Alister Dcunha, a 30-year-old Australian resident and a die-hard cricket fan, is all set to watch the third season of the Indian Premier League (IPL) on the online video streaming site, YouTube. Besides watching key matches live this year, for free, the India-born Australian plans to keep himself tuned to cricket matches via his mobile phone too.
"I never miss a game unless I am asleep. In fact, last season, I was forced to catch IPL matches live on the TV channel, One HD, which was a tough call because of the time difference," he says. This year, Dcunha can catch all IPL matches via delayed telecast on YouTube, instead of just the match highlights that YouTube had last season. "Thanks to the web, I can stream the content on my main TV as well," he further adds.
Industry estimates indicate that YouTube gets over six million users from Australia alone. UK is not behind, too. Ajay Naik, an Indian residing in the UK, elaborates: "I use the internet extensively for daily soaps and news. So, the fact that IPL-III will be live on YouTube works to my advantage. For people like me, who think twice before paying for expensive cable subscriptions, Google just made lives easier." It's no wonder then that YouTube is the most popular video destination in the UK, with a market share of 65 per cent.
But cricket fans in the US are feeling left out. Kiran Bhanushali, a student at Northeastern University, Boston, was awaiting an announcement from IPL and Google on how the matches would be telecast. For now, fans in the US won't get to stream live matches on their computer screens.
"Last year, I watched IPL matches on www.willow.tv. The website streamed cricket matches live from around the world. This year though, I am not sure as the site has been bought out by Global Cricket Ventures, which has signed a deal with Google India to broadcast live on YouTube," says a dejected Bhanushali. He is now looking out for other vendors who would stream the games live. "Having a single place to watch any kind of clips related to the tournament is a great idea. Earlier, user-generated videos would be scattered and would usually be taken down due to copyright violations," Bhanushali points out.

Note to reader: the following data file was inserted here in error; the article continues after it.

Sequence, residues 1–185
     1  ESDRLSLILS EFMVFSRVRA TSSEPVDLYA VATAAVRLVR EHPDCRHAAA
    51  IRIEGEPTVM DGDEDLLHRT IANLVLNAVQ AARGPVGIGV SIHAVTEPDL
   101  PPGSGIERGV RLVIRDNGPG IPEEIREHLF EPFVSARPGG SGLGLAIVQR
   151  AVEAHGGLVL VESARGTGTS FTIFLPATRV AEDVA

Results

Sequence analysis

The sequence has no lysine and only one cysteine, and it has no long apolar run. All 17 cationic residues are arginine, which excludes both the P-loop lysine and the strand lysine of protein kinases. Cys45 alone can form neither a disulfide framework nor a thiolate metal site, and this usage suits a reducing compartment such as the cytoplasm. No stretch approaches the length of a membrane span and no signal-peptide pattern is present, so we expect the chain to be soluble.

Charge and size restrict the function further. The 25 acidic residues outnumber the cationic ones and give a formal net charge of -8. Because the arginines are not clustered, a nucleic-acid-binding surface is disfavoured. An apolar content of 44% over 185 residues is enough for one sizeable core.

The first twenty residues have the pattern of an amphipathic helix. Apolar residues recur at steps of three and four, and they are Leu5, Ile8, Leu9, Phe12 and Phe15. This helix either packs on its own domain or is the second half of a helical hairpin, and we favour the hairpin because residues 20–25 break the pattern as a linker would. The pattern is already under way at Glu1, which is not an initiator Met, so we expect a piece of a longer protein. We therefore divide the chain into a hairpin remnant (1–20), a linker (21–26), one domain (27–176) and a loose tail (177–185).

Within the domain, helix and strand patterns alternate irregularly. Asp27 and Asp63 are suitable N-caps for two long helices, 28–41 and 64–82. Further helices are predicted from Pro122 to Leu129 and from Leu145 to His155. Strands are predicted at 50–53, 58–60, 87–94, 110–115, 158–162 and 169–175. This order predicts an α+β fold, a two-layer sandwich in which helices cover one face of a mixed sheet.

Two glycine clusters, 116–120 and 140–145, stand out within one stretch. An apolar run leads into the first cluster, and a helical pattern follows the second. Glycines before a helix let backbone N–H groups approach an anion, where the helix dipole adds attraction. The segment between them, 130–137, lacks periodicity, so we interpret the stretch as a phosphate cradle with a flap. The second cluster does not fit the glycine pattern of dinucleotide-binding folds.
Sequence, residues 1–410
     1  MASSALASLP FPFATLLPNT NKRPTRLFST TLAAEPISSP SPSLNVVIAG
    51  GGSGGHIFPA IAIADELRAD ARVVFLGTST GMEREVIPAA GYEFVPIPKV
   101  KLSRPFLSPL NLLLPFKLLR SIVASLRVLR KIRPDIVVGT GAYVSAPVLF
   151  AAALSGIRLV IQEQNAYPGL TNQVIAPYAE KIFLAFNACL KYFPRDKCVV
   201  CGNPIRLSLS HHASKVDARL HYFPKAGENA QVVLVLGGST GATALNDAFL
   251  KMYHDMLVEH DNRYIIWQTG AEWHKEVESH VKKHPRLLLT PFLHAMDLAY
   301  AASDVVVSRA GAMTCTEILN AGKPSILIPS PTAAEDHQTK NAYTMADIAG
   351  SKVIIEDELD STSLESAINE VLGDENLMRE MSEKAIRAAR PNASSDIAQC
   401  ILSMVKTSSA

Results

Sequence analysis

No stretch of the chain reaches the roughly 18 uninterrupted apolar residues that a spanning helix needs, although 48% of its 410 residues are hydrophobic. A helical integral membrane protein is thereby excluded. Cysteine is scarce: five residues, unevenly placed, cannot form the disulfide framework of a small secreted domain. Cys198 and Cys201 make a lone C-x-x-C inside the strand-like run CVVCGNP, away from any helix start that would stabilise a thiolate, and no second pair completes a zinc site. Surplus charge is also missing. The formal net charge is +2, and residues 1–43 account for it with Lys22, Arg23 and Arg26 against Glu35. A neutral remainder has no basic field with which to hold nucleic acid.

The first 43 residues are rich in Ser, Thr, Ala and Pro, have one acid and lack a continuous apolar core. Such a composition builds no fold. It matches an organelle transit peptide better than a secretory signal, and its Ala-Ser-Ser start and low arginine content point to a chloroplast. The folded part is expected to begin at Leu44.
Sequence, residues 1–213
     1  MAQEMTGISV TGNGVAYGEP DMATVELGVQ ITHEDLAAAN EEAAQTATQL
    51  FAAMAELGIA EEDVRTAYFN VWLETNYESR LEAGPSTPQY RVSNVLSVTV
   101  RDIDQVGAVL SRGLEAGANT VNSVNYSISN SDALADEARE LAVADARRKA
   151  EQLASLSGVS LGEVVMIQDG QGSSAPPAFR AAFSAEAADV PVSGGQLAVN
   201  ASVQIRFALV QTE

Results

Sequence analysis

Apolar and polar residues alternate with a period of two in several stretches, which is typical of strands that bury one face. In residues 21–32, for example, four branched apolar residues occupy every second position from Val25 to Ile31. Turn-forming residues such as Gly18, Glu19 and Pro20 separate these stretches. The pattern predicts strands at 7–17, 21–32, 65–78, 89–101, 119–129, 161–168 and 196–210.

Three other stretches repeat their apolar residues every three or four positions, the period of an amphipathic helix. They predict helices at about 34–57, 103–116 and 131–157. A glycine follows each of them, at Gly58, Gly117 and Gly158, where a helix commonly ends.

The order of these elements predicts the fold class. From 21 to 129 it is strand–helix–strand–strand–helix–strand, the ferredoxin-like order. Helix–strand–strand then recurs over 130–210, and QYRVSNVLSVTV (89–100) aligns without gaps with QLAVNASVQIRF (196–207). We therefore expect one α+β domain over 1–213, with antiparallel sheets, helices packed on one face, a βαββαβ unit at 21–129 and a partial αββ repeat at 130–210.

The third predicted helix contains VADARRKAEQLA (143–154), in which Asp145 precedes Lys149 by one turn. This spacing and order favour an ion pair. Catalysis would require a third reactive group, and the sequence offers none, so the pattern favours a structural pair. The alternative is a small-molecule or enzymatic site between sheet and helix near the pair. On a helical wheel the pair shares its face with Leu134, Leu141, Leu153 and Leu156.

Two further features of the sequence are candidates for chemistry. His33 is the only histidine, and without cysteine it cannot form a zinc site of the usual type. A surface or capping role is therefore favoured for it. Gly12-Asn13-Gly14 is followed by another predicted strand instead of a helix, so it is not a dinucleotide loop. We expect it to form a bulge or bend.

A blueprint for future
According to third-party reports, an estimated seven million cricket followers visited YouTube during the second season of IPL. Now, with the IPL-Google tie-up, which gives cricket enthusiasts across the globe a chance to catch IPL-III live for free on YouTube, the view-per-user model can only get better.
Google India Managing Director Shailesh Rao acknowledges, if IPL and Google get this right, it can serve as a blueprint for sport events in the future. Rao, along with BCCI's Lalit Modi (the brain behind the IPL series), might create new grounds for sport events for the 50-million-plus internet subscribers in India.
While live cricket streaming is not a new phenomenon in India, it will be interesting to see what an event like IPL does for advertisers and marketers when broadcast live on the internet. A few months ago, TV channel Ten Sports had launched live streaming on its website. It claimed it streamed content to over 70 million homes globally and even had advertisers such as Airtel, Maruti and Samsung running commercials on its web telecast.
Internet speed an issue
Internet surfers in India, however, look disinclined to switch broadcast media when it comes to watching their favourite sport.
"I think it is great news for Indians settled in the UK, US and other geographies. But it may not be a game-changer for the domestic crowd," rationalises 25-year-old Kushal Shah, co-founder of Resorcetek Systems, who has no intentions of moving to the web to watch cricket matches. According to him, with current broadband speeds averaging at around 768 kbps in India, it does not make sense to watch IPL matches on the web.
"It is cricket.I can't afford to have connectivity failures. Besides, I am already paying a fixed monthly charge for the cable subscription," he emphasises.
Good business sense
But the market is bullish on the success of web telecast of cricket matches. According to Vdopia, an online and mobile video monetisation company, three million internet viewers watched the five ODIs, three Test matches and two T20 matches of the recently concluded India-Sri Lanka series. There is money to be made, too.
Vdopia claims to have served over 40 million dynamic online video ads from brands like Aircel, IDBI Bank, Axe, Maruti, Volkswagen and SBI on Neo's website, www.cricketnirvana.com, which is a part of Nimbus Communications. During the match webcast, there were approximately 150,000 concurrent users watching the live stream.
"And this is certainly not a one-off event for cricket fans," Vdopia Chief Business Officer Saurabh Bhatia says. The World Championship of Cricket (India-South Africa series) that begins on February 6 is set to be webcast live on Cricketnirvana.com, the exclusive online destination for live matches for all Indian international cricket played domestically in 2010.
Experts agree. Brand consultant Santosh Sood says: "YouTube is one of the most popular sites and IPL has a big audience. It looks like a winner."
The ad rates, however, will be quite different from that of TV. For instance, a ten-second ad-spot on Ten Sports live streams was almost a tenth of the rate TV commands. For BCCI's Lalit Modi, that should not be a problem as his focus is to broad-base the IPL audience into countries that don't have access to TV rights.
The icing on the cake according to experts would, however, be the significant domestic crowd, which, desperate to catch the action while stuck at work, may take to YouTube's webcasts.